Wednesday, November 25, 2009

Sue Scheff: Fathers at School

Today more than ever we are seeing more dads attending school functions with their kids. Personally, I think this is fantastic and also helps your child to feel important and know they matter. Whether it is because there are more single parent households or a father is out of work, it will benefit your child and that is the most important element.
Fathers at School
“When I first started (going to my son's school) years ago it was very, very, scary. You know, I would go in and go places, and there were just moms there. I always felt like I was the odd man out.”

– Danny Montalvo, Father

The Obama Administration is holding a series of forums this fall about fatherhood and the roll that dad can play within the school. Studies show that moms outnumber dads 12 to one in the PTA and yet when dads get involved their child's grades go up.

Andrew's dad goes to school often. And when Andrew gets home, his dad helps with homework.

Andrew, who's now 11, says, "He's like, the best Dad in the world."

But visiting his son's school hasn't always been easy for Danny Montalvo. Danny says, "When I first started doing this years ago it was very, very, scary. You know, I would go in and go places, and there were just moms there. I always felt like I was the odd man out."

Research from the U.S. Department of Education shows when fathers visit the classroom and attend school events...their children get higher grades and are more likely to graduate.

Allan Kennedy, a licensed professional counselor in Atlanta says, "I think it also helps the teacher's perception of the student, when the dad is involved."

The research shows having dad at school even helps kids who don't live with their fathers. Kennedy says, "Particularly in a situation where mom and dad can still communicate effectively, his involvement in the school, even though he's not at home at night maybe to do all the homework with the child, research shows real clearly that the number of young men getting A's in a class is almost double, then when just the single mother does it by herself."

He says, at first, it's normal for dads to feel uncomfortable at school. "However, the more you get involved and push through that discomfort, the more comfortable you will feel, obviously, and the more that your son will see that comfort level growing, and the more he'll believe in the importance of having you there," says Kennedy.

Studies show that the risk of juvenile delinquency, substance abuse, sexual abuse, early pregnancy and dropping out of high school is six times higher for children whose biological fathers are not part of their lives. Other research indicates fathers who are interested in their children's activities increase the chances that they will stay involved with those activities. Consider the following:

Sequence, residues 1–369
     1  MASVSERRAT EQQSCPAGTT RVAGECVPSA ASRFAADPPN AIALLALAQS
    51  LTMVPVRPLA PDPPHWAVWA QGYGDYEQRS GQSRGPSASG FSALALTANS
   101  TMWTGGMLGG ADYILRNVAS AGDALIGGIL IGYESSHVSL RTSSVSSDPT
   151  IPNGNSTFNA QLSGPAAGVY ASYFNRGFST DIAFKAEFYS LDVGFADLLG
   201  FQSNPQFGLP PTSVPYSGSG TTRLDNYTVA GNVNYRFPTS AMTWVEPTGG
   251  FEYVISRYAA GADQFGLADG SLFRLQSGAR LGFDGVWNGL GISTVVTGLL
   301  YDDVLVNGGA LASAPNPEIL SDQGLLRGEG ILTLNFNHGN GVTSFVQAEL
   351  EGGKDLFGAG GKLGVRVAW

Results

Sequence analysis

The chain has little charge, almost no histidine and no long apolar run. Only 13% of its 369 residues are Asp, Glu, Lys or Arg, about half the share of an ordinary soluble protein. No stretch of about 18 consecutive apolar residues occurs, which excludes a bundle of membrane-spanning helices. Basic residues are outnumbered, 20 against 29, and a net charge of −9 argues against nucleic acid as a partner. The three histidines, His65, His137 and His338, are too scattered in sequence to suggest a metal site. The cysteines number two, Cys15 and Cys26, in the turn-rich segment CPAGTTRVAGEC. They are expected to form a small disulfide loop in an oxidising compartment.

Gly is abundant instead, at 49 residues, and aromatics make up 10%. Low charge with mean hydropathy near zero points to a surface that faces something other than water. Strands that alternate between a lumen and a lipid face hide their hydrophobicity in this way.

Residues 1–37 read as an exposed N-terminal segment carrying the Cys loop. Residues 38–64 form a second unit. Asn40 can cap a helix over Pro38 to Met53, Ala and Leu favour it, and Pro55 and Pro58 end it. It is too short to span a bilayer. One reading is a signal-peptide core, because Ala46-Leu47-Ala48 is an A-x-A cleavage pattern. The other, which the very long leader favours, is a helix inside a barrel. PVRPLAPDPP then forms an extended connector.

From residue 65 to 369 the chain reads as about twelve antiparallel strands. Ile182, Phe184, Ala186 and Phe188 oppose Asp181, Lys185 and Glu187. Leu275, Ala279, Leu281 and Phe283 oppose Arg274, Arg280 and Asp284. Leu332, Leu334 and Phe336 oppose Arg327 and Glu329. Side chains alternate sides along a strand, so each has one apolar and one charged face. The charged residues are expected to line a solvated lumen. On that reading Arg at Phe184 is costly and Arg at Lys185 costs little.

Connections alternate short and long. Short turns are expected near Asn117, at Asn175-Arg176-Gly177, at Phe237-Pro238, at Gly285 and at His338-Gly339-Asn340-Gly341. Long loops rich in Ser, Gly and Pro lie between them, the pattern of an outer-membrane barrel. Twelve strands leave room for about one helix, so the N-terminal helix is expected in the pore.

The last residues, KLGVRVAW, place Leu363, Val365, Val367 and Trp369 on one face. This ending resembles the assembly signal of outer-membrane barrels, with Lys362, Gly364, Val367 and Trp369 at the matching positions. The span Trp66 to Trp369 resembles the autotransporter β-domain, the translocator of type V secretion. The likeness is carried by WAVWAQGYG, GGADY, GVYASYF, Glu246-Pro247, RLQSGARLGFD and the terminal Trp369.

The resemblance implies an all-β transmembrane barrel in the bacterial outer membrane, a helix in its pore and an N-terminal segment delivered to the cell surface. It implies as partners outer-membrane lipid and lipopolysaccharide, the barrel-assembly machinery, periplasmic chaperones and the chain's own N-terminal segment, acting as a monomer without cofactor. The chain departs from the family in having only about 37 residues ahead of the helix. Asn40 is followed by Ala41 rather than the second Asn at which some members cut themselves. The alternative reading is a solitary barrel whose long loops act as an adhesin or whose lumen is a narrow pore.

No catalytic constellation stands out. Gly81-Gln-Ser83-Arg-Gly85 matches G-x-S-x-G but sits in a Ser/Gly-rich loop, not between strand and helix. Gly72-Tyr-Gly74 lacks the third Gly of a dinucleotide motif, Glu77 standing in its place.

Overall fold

■Girls who grow up without a biological father are likely to physically mature faster, reach puberty at a younger age than their peers and have earlier pregnancies.
■The most significant influences on children's choices of how they spent their free time were their own personalities and their parents' interest in their activities.

Tips for Parents
Taking an active role in school activities, such as PTA meetings, is just one way fathers can get more involved in their children's lives. Most children yearn for two parents. And most parents would agree that parenting is one job that requires more than one adult. New research supports these ideas.

Seventy percent of men between the ages of 21 and 39 say they are willing to give up some pay for time with their families. A recent poll indicates that the majority of men today are more involved in childrearing and maintaining their households than their fathers ever were.

Fathers may find the time when their children reach puberty to be difficult or uncomfortable. But their continued interest and support is essential for their children's healthy development. Children gain positive reinforcement from fathers who express interest in their various activities. A father's presence is especially significant during adolescence. Consider the following:

■Young children may take the absence of their father as a personal rejection. They begin to think their dad is not around because there's something wrong with them.
■It's more important for a dad to be at home and around for his kid's extracurricular activities than putting in inordinate hours at the office. Dad's presence is more desirable to a child than life's luxuries.
■Parents, and especially fathers, influence their children throughout middle adolescence.
■Parental participation transcends gender and relates to a mutual respect and admiration between the parent and child.
■It is necessary for all parents and children to participate in enjoyable experiences together.
■Psychology Today
■Time Magazine
■USA Today

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